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Clear skies and sleepy volcanoes

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The volcano Popocatépetl letting off some steam at sunrise

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Occasionally, we are treated to a special surprise, climatically speaking, in the Valle de México. Take last weekend, for example. Mexico City shrugged off its grey-coloured shroud of contaminación and the hemisphere above us became unusually clear. The night sky was a brilliant inky-black studded with the city's million twinkling lights and the planes coming in to land every few minutes at the airport sped like comets through a clean night sky, for once. Dawn didn't so much break as creep up over the dark mountains, pushing the blackness of the night upwards with its delicate pastel-shades. From my roof, I watched as the mountains ceased to be flat sleeping lumps in the background to take on their usual three-dimensional character. The moon, a mere crescent at the base of a silver globe, moved up and up until it disappeared when the sun burst over the horizon.

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View of Mexico City at night from my roof

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The endless lights of the city

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Early morning moon

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The soft shades of dawn

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Pastel-coloured sky

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Looking down towards the Centro Histórico and the Torre Latinoamericano

On Sunday, I got up early for my usual bicycle ride and caught the volcano Popocatépetl yawning in the sunrise, sending out little wisps of white breath from its mouth. Nearby, his volcanic sweetheart, Iztaccihuatl, lay motionless as the sun peeped over her silhouette trying to wake her up and sending the night's shadows scuttling away. Down below, Mexico City was still slumbering except for a few early risers braving the chilly air.

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The two volcanoes, Iztaccihuatl on the left and Popocatépetl on the right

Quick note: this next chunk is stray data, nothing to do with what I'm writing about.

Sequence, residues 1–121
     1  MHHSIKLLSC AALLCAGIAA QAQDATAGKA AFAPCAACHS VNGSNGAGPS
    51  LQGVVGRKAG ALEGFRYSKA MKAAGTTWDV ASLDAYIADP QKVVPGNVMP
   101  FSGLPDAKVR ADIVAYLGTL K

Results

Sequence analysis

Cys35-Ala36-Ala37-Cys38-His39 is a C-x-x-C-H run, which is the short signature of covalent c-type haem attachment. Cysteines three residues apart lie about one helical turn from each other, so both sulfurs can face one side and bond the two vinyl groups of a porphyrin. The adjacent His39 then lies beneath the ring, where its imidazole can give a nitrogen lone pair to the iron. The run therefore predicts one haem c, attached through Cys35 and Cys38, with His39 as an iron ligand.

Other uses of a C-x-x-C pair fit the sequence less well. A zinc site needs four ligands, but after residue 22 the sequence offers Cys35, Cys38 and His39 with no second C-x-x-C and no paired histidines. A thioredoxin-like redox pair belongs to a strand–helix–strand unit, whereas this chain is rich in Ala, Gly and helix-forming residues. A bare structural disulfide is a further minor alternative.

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Popcatépetl at sunrise

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The mountains surrounding Mexico City bathed in early morning mist

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Looking towards the Centro Histórico in Mexico City at dawn

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The Torre Latinoamericano in the Centro Histórico at dawn

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The sun's rays on the Hotel Imperial

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Palacio de Bellas Artes

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Early light casting shadows on an old building

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Santa Fe's skyscrapers

And then as the sun rose up and up, the hemisphere above us turned a solid blue, without a single white cloud to dilute it. It was so intense, so saturated, so blue that everything in the city seemed to be clean and bright and new. The trees and grass were doubly green, the coloured buildings turned vibrant orange and yellow, and modern skyscrapers became clean shiny mirrors reflecting back the blue.

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Blue skies behind Caballito

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Church tower decorated with tiles

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Monumento a la Revolucion

A real treat for eveyone, and especially for my camera. Let's hope that after this performance, we get an encore really soon.

Posted by margaretm 07:01 Archived in Mexico Tagged night volcanoes views sunrise mexico_city centro_historico popocatépetl santa_fe iztaccihuatl

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